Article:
Meg Cadoux Hirschberg for Inc.: “I write a lot about how entrepreneurship complicates relationships and even drives couples apart. Sometimes, though, it binds them closer. When the venture serves a larger purpose, through either its core business or philanthropy, spouses who may feel ambivalent about company building (isn’t there a less-consuming way to make money?) suddenly get it. Sometimes, they become part of it. And that shared passion — often more powerful than the shared hobbies that marriage counselors recommend — can translate into greater passion for each other.
When I met my husband, in 1984, I was managing an organic farm. Gary and his partner, Samuel Kaymen, had just launched Stonyfield, the organic yogurt company. Our idea of fun was making compost together. I appreciated that Gary saw himself as an educator and each little cup as an opportunity to teach people about the importance of organics. But as we hemorrhaged cash for nine years, our small attempt to change the world began to seem delusional. That we labored on behalf of a mission we both cared about made the sacrifice tolerable; I doubt I would have lasted long had we been cranking out Fritos instead. But eventually, although I still supported the cause, I felt disconnected from the company itself.
In recent years, however, I’ve bonded again with the business. The catalyst has been Stonyfield’s philanthropic outreach. Its charitable arm, Profits for the Planet, has supported several causes about which I care deeply, including posttreatment cancer care and restoration of an agricultural building at a Shaker museum. And several years ago, Gary and I together created a loan fund to help New Hampshire dairy farmers through the high costs of transitioning to organic. I personally brought Gary into these and other projects that dovetailed his business mission with my interests. I now influence the company in ways that fulfill me, as opposed to the any-warm-body-will-do kinds of tasks I performed in the early days. And for the first time, I feel truly connected to Gary’s work and consequently more tolerant of his frequent absences and distractions.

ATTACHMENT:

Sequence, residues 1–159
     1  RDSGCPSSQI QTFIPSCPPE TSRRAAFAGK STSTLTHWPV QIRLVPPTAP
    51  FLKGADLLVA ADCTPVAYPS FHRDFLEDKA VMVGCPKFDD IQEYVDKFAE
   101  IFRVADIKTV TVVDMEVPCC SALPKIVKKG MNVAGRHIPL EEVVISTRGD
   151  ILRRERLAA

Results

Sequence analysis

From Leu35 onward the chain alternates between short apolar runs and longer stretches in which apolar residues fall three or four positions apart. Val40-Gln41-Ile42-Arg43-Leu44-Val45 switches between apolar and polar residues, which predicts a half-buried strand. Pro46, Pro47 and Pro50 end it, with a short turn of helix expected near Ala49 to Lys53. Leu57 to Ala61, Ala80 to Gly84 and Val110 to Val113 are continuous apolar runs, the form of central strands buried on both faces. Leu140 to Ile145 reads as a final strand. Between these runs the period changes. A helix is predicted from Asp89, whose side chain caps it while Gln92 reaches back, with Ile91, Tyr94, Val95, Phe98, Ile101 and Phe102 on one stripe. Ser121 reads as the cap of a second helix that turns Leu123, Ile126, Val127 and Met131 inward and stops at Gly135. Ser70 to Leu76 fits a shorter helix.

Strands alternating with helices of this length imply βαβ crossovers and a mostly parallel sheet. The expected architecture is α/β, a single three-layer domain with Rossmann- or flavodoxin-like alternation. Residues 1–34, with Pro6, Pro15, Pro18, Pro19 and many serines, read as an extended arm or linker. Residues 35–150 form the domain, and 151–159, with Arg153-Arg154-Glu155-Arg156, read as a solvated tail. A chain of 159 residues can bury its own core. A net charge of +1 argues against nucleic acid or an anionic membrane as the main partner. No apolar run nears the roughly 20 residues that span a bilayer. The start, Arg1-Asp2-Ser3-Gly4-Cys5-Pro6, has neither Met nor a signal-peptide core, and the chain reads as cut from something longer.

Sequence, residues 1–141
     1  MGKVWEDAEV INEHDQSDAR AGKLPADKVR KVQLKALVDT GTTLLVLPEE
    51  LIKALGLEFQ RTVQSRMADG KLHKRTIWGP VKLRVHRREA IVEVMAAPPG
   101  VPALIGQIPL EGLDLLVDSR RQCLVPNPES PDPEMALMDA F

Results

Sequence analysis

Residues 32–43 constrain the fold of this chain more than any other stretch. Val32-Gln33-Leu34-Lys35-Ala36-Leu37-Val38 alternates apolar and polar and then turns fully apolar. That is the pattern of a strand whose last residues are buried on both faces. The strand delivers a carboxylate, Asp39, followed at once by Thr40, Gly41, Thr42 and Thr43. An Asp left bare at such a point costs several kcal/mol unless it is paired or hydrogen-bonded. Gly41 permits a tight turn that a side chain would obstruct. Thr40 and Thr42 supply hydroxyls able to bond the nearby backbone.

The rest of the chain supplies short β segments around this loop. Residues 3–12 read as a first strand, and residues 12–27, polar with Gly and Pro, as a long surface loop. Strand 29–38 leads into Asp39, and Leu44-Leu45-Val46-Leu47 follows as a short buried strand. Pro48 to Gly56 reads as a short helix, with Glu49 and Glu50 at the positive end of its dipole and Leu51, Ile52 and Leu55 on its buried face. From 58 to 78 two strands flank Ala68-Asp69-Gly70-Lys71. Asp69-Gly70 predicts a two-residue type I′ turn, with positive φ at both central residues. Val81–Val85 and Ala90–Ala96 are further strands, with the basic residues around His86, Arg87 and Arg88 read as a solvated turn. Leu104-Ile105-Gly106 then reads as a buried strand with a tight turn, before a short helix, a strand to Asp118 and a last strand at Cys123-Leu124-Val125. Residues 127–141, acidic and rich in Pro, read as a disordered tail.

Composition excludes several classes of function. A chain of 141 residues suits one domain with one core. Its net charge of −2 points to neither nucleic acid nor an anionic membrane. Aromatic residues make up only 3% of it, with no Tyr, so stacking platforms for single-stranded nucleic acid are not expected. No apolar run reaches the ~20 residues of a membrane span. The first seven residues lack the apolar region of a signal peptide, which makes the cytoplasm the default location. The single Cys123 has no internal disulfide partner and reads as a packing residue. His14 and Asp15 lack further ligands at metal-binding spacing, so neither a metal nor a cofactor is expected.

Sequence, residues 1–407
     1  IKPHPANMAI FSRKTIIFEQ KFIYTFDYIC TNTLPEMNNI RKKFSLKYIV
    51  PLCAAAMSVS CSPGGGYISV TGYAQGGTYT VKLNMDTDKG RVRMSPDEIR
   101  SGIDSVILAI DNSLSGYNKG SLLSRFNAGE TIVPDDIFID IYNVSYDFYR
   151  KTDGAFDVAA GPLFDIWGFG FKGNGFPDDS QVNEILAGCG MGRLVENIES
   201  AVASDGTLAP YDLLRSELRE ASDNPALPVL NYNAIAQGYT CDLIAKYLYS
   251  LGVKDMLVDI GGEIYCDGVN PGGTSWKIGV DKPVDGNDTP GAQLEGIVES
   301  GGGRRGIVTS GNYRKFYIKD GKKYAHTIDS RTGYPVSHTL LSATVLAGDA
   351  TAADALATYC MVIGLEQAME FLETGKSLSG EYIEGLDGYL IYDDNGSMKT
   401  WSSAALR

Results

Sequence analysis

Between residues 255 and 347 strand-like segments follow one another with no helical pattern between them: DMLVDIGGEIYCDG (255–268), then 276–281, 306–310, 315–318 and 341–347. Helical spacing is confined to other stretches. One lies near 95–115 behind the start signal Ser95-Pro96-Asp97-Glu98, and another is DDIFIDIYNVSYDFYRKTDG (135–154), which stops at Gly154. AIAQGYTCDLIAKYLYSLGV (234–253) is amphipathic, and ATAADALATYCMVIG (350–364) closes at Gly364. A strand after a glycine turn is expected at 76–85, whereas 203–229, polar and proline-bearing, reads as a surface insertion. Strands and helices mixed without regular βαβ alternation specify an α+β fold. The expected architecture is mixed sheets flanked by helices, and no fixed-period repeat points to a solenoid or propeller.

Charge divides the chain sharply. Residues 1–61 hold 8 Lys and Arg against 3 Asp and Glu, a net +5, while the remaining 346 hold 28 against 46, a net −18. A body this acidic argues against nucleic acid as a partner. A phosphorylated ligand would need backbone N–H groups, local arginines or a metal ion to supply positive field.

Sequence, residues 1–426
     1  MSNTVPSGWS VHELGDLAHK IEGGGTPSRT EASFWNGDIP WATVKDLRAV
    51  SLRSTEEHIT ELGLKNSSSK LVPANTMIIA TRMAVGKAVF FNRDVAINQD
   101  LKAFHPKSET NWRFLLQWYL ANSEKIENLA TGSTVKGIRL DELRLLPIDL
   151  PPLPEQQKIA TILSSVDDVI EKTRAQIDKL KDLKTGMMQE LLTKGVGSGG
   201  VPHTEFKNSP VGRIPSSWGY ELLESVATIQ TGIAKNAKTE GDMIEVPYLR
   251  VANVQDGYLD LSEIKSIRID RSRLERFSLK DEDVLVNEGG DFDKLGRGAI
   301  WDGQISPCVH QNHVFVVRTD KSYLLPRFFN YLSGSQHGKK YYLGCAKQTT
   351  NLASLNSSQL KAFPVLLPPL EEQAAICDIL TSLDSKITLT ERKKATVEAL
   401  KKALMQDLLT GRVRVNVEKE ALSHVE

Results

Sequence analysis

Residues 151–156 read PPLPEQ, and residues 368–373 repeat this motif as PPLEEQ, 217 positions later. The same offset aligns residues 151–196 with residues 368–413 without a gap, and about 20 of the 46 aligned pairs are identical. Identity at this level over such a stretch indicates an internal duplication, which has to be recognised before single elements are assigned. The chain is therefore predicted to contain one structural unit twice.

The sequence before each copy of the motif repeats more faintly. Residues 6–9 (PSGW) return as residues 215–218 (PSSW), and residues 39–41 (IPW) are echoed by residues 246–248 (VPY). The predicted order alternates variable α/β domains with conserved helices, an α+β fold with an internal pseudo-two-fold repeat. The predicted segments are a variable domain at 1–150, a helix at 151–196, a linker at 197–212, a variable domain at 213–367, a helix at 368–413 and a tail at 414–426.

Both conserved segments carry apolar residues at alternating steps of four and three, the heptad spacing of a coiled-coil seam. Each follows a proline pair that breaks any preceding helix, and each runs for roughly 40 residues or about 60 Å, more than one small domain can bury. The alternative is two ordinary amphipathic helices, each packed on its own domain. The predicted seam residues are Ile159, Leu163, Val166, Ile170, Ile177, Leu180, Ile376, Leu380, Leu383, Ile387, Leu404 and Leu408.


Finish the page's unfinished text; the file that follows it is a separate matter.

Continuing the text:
Something similar happened to Jill Kearney, a professional writer. Jill had no affinity for business when she married Stephen McDonnell, founder of the natural meat company Applegate Farms. “I didn’t get the vision and the drive,” she told me. “If you’re already making money selling X, why do you need to sell 2X?” At first, Jill believed she had nothing to contribute. Eventually, she started writing promotional material and “romance copy” for the products, becoming what she calls a “published pot pie poet.” As she worked in the company, Jill began to see the potential for creativity in business and to consider how Steve might apply his abilities to problems outside Applegate.
For the full article by Meg Cadoux Hirschberg, please click here.
Happy Valentine’s Day from The Institute for Sustainable Development / Green Plus